UVC, germicidal ultraviolet (UV) light, reduces the person to person transmission of viruses through the air, by killing the viruses while they are in the air as well as on surfaces exposed to UVC light rays.
While you can’t use UVC rays to replace hand sanitizer to sanitize your hands. you can use a UVC lamp or bulb to effectively kill bacteria, mold, and viruses on surfaces and in the air. If you’ve stocked up on disinfectant wipes and aerosol sprays and are beginning to run low, or are having a difficult time finding these products, you could use a UVC lamp or bulb to essentially get the same (if not better) results.
Surface wipes and sprays are only effective if the object or surface remains visibly wet for a specified period of time. With a UVC light at a 6 inch distance, up to 99% of microorganisms can be killed within a few seconds. Rooms can be treated within 30-60 minutes, depending on size. And because most UVC bulbs claim to have a lifespan of up to 50,000 hours, you can actually save money over the cost you might spend replenishing wipes and sprays.
With UVC you can sanitize masks, cell phones, countertops, toothbrushes, keyboards, shoes and pretty much any object or surface. You can even sanitize the air in a room or the entire room itself. There are some basic precautions necessary when using a UVC light, but the benefits of using a light versus sanitizing products definitely is worth the effort.
UVC rays can also be used to purify water, kill household pests, inactivate mold spores, air purifier, odor remover,
You can purchase portable UVC wands, bulbs and lamps to disinfect objects and surfaces. When you are comparing products, make sure the item description specifically mentions that the item produces UVC rays. Several items we reviewed were actually black lights, which do not provide germicidal effects like that of UVC. Ensure that the product description specifically states the nonometers (wavelengths) the light emits. Ideally, it should have 200 to 280 nm.
In researching the best buying options for a UVC light in response to coronavirus, we compared wands and light bulbs. UVC wands have been proven to be effective against bacteria and viruses. These are great for spot-treating specific areas such as countertops, small objects such as masks and cellphones. And they are portable, so you can use them to sanitize surfaces while traveling.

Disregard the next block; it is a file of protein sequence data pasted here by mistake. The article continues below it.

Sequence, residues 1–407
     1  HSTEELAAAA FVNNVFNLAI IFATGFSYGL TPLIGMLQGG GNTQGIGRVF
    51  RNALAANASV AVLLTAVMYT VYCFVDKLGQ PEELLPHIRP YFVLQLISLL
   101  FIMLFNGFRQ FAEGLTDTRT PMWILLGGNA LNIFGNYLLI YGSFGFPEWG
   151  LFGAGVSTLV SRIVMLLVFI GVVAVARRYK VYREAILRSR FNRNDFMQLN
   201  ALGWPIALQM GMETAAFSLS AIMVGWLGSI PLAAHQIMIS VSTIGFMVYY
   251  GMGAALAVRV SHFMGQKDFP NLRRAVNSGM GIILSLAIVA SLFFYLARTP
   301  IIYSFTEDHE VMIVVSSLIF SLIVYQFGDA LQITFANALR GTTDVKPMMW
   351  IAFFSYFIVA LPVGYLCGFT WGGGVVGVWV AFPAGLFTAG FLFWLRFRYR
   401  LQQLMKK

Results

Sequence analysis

We opted for the light bulb because we could disinfect specific objects and surfaces, but also use it to disinfect a larger areas such as entire rooms. The option to remove airborne pathogens was also a huge plus. We chose a 60 watt bulb that could be inserted into a standard light socket. They also offer these bulbs with remote controls so that you can safely turn the light on and off without having direct contact with the UV rays. Due to the concerns of direct exposure, you should definitely get one with a remote control.
Without the remote control, our plan is to use an extension cord so we can safely turn on/off the light from outside of a room. For disinfecting specific objects or surfaces, we’ll use the bulb in a work light clamp reflector. We also purchased UVC safety glasses that have 99% UVC protection.
Wattage is important if your goal is to sanitize larger areas. If you are just shooting for object disinfection, a 7 or 11 watt wand used within a few inches of the object should be sufficient. Be sure to read the product’s specifications before purchase. And again, make sure you aren’t buying a black light. We found many misleading products claiming to sanitize that were black lights and not UVC emitting lights. Again, ensure that the product description specifically states the nonometers (wavelengths) the light emits.
For purchase links for portable wands, click here.
For purchase links to the bulb we decided to buy, click here. Our light bulb is identical to this article’s featured image.
What Is UVC?
The three main types of UV rays are UVA, UVB, and UVC. Their light wavelengths are measured by nanometers (nm)
- UV-A (long wave) from 315 to 400 nm
- UV-B (medium wave) from 280 to 315 nm
- UV-C (short wave) from 200 to 280 nm
Because UVC light is a high intensity light, UVC light effectively kills pathogens and microorganisms by damaging their DNA, making them unable to replicate (reproduce), which leads to cell death.
How Does UVC Light Work For Disinfection?
Wavelengths between 185-254 nanometers are considered germicidal because they have the shortest wavelength, highest energy, and can kill pathogenic microorganisms in the air and on surfaces. This makes the UVC spectrum the most efficient for killing viruses and bacteria.
UVC lamps can kill up to 99.9% of most viruses, bacteria, yeasts, and mold spores and help prevent future mold growth. Definitely an option if you have mold due to water damage in your home.
How effective the UVC light is, is determined by how much time and how close objects/surfaces are to the light. Objects that are closest to the light receive the highest intensity and require shorter period of time to kill microorganisms. Objects that are further away from the light can still be disinfected if their exposure time is increased.